The King's House - La Maison du Roi - Het Broodhuis, Brussels

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  • La Maison du Roi
    La Maison du Roi
    by mikey_e
  • The King's House - La Maison du Roi - Het Broodhuis
    by tere1
  • Maison du Roi
    Maison du Roi
    by Martinewezel
  • mikey_e's Profile Photo

    Maison du Roi

    by mikey_e Written Jan 4, 2009

    2.5 out of 5 starsHelpfulness

    The Maison du Roi was the original Maison du Duc de Brabant - actually, when the first building was erected here in the 12th century, it was a bakery (hence its Dutch name, broodhuis). This was a wooden structure that was replaced by a stone one for the Duke in the 1400s. When the Duke of Brabant's role was replaced by Charles V of Spain, it become the King's House and Charles had it rebuilt in a late Gothic style. It was destroyed during a French seige and rebuilt, yet again, in a neo-Gothic style in the 1870s. It all just goes to show you how fashion is really just circular.

    La Maison du Roi
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    Maison du Roi

    by tere1 Written Apr 10, 2008

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    At the Market Place, opposite the Town Hall, stands another of the remarkable historical Buildings of Brussels. The beautiful neo-gothic building with its many decorative statues is the "Maison du Roi" in French or "Broodhuis" in Dutch. It now harbours the historical City Museum.

    The Dutch name "Broodhuis" (i.e. bread house) clearly shows what the origins of this building were. In the beginning of the 13th century a wooden construction stood here. It was used by the bakers to sell their bread.

    On June the 2nd 1887 the King's House became the City Museum of Brussels On exhibition are original statues of the town hall, paintings, wall tapestries and different artifacts which have a relation to the history of the city.

    Opening hours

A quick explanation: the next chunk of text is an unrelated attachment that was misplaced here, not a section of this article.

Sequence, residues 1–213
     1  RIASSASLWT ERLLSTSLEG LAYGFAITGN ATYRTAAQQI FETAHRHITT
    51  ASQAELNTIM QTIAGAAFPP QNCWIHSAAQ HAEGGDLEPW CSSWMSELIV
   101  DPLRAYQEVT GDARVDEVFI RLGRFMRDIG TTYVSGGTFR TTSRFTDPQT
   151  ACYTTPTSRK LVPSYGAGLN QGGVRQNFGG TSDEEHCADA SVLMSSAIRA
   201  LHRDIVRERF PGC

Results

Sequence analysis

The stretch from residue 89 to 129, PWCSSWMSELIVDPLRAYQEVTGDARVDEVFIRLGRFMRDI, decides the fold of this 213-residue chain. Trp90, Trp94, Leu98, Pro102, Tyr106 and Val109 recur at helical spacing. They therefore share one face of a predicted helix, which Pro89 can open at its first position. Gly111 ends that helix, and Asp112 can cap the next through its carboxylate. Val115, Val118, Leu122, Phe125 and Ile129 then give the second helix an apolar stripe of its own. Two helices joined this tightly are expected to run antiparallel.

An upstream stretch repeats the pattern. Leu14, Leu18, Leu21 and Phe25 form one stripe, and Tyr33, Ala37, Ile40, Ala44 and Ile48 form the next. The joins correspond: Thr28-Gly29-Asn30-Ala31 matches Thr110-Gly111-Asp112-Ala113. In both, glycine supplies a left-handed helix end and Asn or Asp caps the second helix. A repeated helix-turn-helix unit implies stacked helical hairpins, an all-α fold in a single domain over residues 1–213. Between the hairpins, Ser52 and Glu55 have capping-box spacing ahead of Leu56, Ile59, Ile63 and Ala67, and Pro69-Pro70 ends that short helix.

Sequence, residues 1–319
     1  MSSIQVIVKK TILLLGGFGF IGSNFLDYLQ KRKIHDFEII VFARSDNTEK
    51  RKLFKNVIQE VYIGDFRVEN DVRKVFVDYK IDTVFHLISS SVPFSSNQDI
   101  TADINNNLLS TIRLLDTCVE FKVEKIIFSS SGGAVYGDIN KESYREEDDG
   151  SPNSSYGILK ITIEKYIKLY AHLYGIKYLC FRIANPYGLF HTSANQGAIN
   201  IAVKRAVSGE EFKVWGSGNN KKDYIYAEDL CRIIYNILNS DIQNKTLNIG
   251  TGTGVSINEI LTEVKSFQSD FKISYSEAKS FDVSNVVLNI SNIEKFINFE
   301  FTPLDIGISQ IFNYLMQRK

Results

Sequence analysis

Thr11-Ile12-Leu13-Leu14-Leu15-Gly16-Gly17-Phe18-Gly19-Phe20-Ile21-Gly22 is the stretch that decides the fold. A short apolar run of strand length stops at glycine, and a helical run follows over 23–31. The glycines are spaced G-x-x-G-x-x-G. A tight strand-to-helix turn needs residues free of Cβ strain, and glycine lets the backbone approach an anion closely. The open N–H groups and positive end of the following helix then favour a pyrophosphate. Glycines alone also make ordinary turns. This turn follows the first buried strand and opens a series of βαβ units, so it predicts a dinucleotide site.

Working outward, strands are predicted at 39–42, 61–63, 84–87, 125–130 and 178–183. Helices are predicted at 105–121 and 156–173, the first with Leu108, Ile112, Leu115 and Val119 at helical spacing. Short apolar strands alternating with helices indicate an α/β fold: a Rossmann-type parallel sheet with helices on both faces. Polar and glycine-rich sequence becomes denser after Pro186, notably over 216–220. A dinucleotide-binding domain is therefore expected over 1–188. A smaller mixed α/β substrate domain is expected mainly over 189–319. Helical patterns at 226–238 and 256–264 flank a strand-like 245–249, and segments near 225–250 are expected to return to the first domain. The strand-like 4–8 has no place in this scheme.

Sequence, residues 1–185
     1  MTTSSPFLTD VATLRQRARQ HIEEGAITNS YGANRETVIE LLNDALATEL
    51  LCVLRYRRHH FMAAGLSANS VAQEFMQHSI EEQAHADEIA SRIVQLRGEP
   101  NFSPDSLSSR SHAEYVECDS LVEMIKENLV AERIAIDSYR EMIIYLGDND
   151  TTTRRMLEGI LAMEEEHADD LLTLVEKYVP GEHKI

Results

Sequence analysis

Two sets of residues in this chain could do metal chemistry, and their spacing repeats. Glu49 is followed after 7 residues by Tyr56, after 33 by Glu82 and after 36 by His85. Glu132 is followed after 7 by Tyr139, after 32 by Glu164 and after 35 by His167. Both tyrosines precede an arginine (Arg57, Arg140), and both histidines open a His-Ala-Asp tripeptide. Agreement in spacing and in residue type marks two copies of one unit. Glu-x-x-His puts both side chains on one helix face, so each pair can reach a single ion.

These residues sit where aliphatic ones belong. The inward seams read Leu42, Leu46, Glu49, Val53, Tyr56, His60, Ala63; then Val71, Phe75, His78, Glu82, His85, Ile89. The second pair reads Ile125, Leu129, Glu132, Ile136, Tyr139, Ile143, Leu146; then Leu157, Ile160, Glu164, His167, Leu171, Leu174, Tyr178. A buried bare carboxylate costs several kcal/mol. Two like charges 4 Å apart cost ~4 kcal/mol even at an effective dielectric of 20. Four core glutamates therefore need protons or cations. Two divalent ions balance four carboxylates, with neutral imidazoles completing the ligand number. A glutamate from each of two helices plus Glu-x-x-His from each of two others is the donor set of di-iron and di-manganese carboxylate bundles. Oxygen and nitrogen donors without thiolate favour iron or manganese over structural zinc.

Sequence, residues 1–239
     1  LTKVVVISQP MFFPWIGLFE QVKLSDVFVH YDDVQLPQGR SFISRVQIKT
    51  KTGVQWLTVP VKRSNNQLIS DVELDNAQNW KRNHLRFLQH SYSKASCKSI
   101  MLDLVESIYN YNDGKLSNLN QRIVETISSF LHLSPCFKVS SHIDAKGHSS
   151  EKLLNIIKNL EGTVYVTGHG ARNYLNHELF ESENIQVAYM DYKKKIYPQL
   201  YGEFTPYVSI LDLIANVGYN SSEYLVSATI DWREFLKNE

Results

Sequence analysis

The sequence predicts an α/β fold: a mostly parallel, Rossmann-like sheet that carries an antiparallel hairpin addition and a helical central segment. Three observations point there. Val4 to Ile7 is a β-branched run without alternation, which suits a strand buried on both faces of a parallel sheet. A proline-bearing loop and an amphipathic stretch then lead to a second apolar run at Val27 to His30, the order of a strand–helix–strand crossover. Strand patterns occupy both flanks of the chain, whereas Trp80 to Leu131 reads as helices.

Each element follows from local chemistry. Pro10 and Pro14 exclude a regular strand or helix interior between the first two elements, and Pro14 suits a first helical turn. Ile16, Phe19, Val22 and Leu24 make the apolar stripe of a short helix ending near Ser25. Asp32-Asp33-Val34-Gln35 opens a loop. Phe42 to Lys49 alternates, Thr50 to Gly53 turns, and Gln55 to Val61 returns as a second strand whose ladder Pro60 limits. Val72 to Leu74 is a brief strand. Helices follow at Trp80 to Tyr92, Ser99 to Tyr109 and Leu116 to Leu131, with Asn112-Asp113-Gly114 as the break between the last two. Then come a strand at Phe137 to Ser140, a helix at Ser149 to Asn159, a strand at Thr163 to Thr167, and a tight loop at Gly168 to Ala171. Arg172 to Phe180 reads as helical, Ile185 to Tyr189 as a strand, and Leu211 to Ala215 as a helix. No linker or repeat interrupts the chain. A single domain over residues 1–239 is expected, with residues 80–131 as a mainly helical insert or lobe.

Tuesday to Friday : from 10 am till 5 pm
    Weekends and holidays : from 10am till 1pm
    Closed on Mondays.
    Admission
    2,48 € (Euro) per person, 1,98 € (Euro) per person for groups of min. 12 persons

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  • DanielF's Profile Photo

    Visit the City Museum at the King's House

    by DanielF Updated Apr 10, 2008

    2.5 out of 5 starsHelpfulness

    Just opposite the City Hall, there is another of the most striking buildings on the Market Square: the King's House, also known as Bread House. Its flaming filigrees and the delicate bronze statuettes which profusely decorate its façade may suggest that it is an ancient building. But it is actually not. Most of what we see today dates back to the late XIX century.

    The King's House stands where there used to be a cloth hall and then a bread hall (from where derives the name Broodhuis, which is still used in Flemish). Then, the Duke of Brabant decided that he needed an impressive building to host his administration that would counterbalance the grandeur of the City Hall and its belfry, symbols of the city's liberties. That is how that old wooden hall was replaced by the Gothic King's House (or Maison du Roi, as it is called in French) in the XV century.